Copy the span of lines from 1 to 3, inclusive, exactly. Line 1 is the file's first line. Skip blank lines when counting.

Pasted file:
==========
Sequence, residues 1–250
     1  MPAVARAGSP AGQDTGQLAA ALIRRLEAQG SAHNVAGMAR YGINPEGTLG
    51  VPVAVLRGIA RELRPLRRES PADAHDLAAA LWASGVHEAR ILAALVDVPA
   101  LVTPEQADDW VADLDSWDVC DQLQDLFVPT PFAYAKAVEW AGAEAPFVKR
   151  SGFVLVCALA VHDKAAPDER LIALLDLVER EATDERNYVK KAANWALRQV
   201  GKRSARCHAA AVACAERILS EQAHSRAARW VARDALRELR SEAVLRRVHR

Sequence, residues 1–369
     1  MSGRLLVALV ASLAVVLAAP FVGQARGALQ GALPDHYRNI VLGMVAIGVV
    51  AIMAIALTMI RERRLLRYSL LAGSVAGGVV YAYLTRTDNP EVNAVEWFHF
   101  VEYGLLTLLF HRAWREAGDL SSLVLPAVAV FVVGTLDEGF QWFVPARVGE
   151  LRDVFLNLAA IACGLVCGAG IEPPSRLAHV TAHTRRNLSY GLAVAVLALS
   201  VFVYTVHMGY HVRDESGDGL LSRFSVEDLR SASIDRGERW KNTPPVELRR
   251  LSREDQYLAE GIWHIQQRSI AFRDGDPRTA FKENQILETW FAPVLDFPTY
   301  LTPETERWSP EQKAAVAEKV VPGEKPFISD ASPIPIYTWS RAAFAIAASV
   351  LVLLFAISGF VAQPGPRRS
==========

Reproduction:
Sequence, residues 1–250
     1  MPAVARAGSP AGQDTGQLAA ALIRRLEAQG SAHNVAGMAR YGINPEGTLG
    51  VPVAVLRGIA RELRPLRRES PADAHDLAAA LWASGVHEAR ILAALVDVPA